• Gas/Liquid interfaces at critical point - R. Abgrall, P. Bacigaluppi, P. M. Congedo, J. Gross (A6), T. Hitz (A2), G. Lamanna (B2), C.-D. Munz (A1), M. G. Rodio, C. Rohde (A3), C. Steinhausen (B2)

    A difficult task in the numerical simulation of multi-phase flow is the thermodynamic consistent resolution of interfaces, especially if surface tension and phase transfer play an important role. In this summer school project we want to consider the physical and the numerical modelling of a gas-liquid interface in the vicinity of the critical point. To assess the differences in the numerical approximation we consider test problems in the subcritical as well as in the supercritical regime. Within this project, we want to compare two different numerical interface modelling approaches: a sharp interface treatment and a diffuse interface treatment using a homogeneous mixture approach. The idea in this summer school project is to bring together groups from thermodynamics as well as mathematical and numerical modelling to discuss the thermodynamic consistent numerical treatment in simulations of multi-phase flow in the subcritical and supercritical regime.


    R. Abgrall (Institute of Mathematics, University of Zürich, Switzerland)
    P. Bacigaluppi (Institute of Mathematics, University of Zürich, Switzerland)
    P. M. Congedo (INRIA Bordeaux Sud-Ouest, France)
    M. G. Rodio (Laboratory DEN/DM2S/STMF/LMSF, CEA-Centre de Saclay, France)

  • Binary drop collisions - J. Breitenbach (C4),  C. Tropea (C4), D. Bothe (A7), I.V. Roisman (C4), C. Tropea (C4), G. Brenn, K.L. Pan, K.L. Huang
    The present project is an experimental and numerical study of the drop collision phenomena under variable ambient pressure conditions. Binary droplet collision plays an important role in numerous engineering applications where a spray is involved. The investigation concentrates on the mechanism of drop bouncing, which is caused by a thin gas layer preventing the drops' coalescence. The question arose to what degree the exiting gas between the drop interfaces influences the overall collision dynamics. Therefore the overall goal is to predict the outcome of the binary drop collision as well as finding a scale for the bouncing/coalescence threshold.

    The following guests participated in this project:
    Prof. Günter Brenn, Institute of Fluid Mechanics and Heat Transfer, TU Graz.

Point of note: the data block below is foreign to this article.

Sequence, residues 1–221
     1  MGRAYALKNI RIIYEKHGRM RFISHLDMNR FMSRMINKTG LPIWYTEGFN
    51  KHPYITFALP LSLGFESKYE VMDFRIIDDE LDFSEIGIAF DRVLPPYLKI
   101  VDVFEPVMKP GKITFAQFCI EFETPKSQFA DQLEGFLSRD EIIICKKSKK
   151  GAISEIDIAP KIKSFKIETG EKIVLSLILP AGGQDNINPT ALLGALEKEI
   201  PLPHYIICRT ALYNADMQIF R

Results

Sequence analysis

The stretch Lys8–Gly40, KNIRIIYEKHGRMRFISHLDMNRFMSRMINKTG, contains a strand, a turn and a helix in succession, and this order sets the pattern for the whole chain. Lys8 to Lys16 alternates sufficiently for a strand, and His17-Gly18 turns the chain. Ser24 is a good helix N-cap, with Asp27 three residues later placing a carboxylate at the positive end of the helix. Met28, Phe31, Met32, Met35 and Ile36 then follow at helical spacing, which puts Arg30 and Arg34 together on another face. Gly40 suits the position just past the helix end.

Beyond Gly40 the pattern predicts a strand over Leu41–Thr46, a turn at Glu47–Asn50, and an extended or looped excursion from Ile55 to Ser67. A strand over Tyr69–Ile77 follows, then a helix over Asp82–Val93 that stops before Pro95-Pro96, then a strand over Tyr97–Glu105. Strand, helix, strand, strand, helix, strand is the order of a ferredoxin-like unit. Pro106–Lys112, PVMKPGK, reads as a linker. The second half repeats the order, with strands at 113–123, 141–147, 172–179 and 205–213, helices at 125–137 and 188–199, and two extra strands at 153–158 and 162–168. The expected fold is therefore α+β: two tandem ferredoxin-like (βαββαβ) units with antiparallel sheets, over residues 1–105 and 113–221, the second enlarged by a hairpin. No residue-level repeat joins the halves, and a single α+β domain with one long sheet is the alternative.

Prof. Kuo-Long Pan, Department of Mechanical Engineering, National Taiwan University
    Kuan-Ling Huang, Department of Mechanical Engineering, National Taiwan University

    The results are published in:
    Reitter,L., Liu, M., Breitenbach, J., Huang, K.-L., Bothe, D., Brenn G., Pan, K.-L, Roisman, I.V. and Tropea, C.: Experimental and computational investigation of binary drop collisions under elevated ambient pressure. ILASS–Europe 2017, 28th Conference on Liquid Atomization and Spray Systems, September 2017, Valencia, Spain
  • High-fidelity Large Eddy Simulation of turbulent spray flow at transcritical operating conditions - I. Shevkuck (B3), P.Obando, F. Rieß, A.Sadiki (B3) and T. Schmitt

    It has been shown that the crossing of either the critical temperature or the critical pressure affects the atomization process. At subcritical conditions, because of the joint action of aerodynamic forces and surface tension, ligaments and droplets are formed at the surface of liquid jets. At supercritical conditions, surface tension vanishes and droplets are absent from the surface of jets. Instead, in the case of a transcritical injection a diffusive interface between dense and light fluid develops, where waves or ‘comb-like’ structures can form. It is thus expected that the mixture formation prior to ignition or combustion is greatly impacted by the crossing of the critical conditions. How an unsteady simulation of such complex processes can be achieved is still challenging. Usually an Eulerian-Eulerian approach is used in the most research groups.

    The objective of the present program was to study the feasibility of an Eulerian-Langragian approach in order to study the characteristics of turbulent spray flows at trans- and supercritical operating conditions with high-fidelity Large Eddy Simulations (LES).

    Based on the configuration as experimentally investigated by Mayer et al. the influence of operating conditions (critical temperature or/and pressure) and geometry (single injector), meshes, numerical schemes, have been first elucidated. The impacts of various models (EOS, molecular diffusion) have been then discussed. In particular, a LES framework appropriate for supercritical flows has been designed and validated. Thereby, the achievements with two codes (EC-France/AVBP, and TU-Darmstadt/OpenFOAM) have been compared.

    One of the outcomes was that the experimental dataset available in the literature for such operating conditions is not enough to allow for a detailed validation of models. Therefore, a highly resolved simulation with 48 million cells has been especially carried out to provide a comprehensive validation data which additionally includes new information concerning the entropy quantity. The latter may support a detailed analysis of the evolution of various processes evolving within the flow system under study. The step of the two-phase flow treatment could not be addressed in detail.
    Following sub-projects will be concerned, among others: B3, B2, A2

    The following guest participated in this project:
    Dr. Thomas Schmitt (EC-Paris, France)

    The results will soon be published.

  • Drop collision with Janus particles - J. Breitenbach (C4), M. Schremb (C3), M. Schwarzer, A. Synytska, I.V. Roisman (C4) and C. Tropea (C3,C4)
    Drop collisions with polymer coated aluminum substrates are experimentally investigated for varying thermal conditions and different coating approaches. Nucleation statistics during the impact of supercooled water drops on cold surfaces as well as the evaluation of the drop lifetime of an impinging drop on heated surfaces are the focus of the present workshop. Especially the role of varying coating materials (hydrophobic PDMSMA and hydrophilic PEGMA) and coating approaches/morphologies (flat brush coatings, homogeneous particular coatings, mixed particular coatings and Janus particle coatings) are examined, e.g. to characterize the influence of different substrate wettabilities on the characteristic processes.
    M. Schwarzer and A. Synytska from the "Functional Particles and Interfaces" Group at the Leibniz Institute of Polymer Research Dresden participated in this project. A publication regarding the influence of differently coated surfaces on the nucleation process during the impact of supercooled water drops is in preparation.